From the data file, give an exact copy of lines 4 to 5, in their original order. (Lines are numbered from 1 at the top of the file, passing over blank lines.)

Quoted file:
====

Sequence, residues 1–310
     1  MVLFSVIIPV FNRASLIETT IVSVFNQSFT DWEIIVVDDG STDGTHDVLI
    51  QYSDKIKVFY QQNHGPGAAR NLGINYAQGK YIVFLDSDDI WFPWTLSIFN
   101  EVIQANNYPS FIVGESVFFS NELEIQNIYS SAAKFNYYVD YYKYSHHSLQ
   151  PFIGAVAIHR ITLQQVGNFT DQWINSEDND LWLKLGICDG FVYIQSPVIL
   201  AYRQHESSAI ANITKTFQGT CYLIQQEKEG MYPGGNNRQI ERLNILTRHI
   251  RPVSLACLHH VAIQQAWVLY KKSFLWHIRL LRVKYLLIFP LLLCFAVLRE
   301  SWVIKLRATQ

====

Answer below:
   101  EVIQANNYPS FIVGESVFFS NELEIQNIYS SAAKFNYYVD YYKYSHHSLQ
   151  PFIGAVAIHR ITLQQVGNFT DQWINSEDND LWLKLGICDG FVYIQSPVIL